Data Structures and Algorithms
Assignments 3 & 4 - 1999
Algorithm Implementation and Verification
The basic aims of this assignment are to
- give you some experience in implementing an algorithm of reasonable complexity
- ensure that you understand how to rigorously verify that
a function is correct and
- determine its time complexity.
For variety - and to give you some practical exposure to more than
one algorithm - you will
implement an algorithm chosen as specified below as
your assignment 3 exercise and test another one
(which you will obtain from a class-mate who has
completed it for assignment 3) for your assignment 4.
The list of algorithms to be implemented (and verified) are:
- Hash Table Lookup,
- Radix Sort,
- Fast Fourier Transform,
- Dijkstra's Algorithm,
- Kruskal's Algorithm,
- Prim's Algorithm,
- Optimal Binary Search Tree,
- Matrix Chain Multiplication.
- Red-Black tree,
Code - of varying degrees of suitability - may be found for most
of these either in textbooks or on the Web.
You will need to take that code and re-work it into a
suitable class structure:
simple copies of other people's code are unlikely to gain
For sorting and searching algorithms, obviously an extension
of the Collection class will work well.
For graph algorithms, then you should make a general-purpose
For the FFT, a class of numerical datasets, called
something like DataSet would do: although you could
probably use the Collection class also.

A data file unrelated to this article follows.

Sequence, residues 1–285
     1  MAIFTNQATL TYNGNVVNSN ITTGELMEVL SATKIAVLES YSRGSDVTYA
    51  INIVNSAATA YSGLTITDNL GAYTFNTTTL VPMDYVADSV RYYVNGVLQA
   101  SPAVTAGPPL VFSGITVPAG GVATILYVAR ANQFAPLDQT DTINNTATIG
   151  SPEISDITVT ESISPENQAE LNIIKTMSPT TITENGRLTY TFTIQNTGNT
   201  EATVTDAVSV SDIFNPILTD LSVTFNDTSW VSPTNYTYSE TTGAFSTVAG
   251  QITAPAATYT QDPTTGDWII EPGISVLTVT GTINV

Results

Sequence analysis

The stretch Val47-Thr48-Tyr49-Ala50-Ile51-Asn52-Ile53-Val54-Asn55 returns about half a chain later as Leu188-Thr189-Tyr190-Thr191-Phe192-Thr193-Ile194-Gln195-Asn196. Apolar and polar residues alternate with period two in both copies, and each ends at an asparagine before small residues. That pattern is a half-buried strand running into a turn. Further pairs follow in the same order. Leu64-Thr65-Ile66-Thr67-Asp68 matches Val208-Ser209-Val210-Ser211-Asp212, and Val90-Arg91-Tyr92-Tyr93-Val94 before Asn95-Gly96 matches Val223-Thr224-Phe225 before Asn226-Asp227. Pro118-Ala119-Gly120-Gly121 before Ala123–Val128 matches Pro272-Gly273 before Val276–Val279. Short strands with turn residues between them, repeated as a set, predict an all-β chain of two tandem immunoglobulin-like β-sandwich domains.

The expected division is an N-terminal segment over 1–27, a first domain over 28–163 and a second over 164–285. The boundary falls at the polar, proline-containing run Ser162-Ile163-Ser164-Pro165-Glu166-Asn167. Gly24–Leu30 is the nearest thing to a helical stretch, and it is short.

Matrix chain multiplication is obviously a method on
a class of matrices which takes an array of matrices
and works out how to most efficiently multiply them,
then multiplies them!
However, it is likely that you will be able to use someone
else's code very effectively by simply "wrapping" it in an
It makes sense to team up with one other member of the class
so that you can exchange code that you have written for assignment
3 to do assignment 4.
You must verify and measure the time complexity of a different
algorithm from the one you implemented for assignment 3.
It is required that you use a language with a suitable
standard. (Suitable means approved by a recognised
standards body - not a so-called industry standard!).
ANSI standard C is the obvious candidate.
However, algorithms coded in Java are acceptable.
(C++ will be allowed if you can convince us that
you know enough about the ANSI standard
to follow it faithfully!
The final approval was in November, 1997.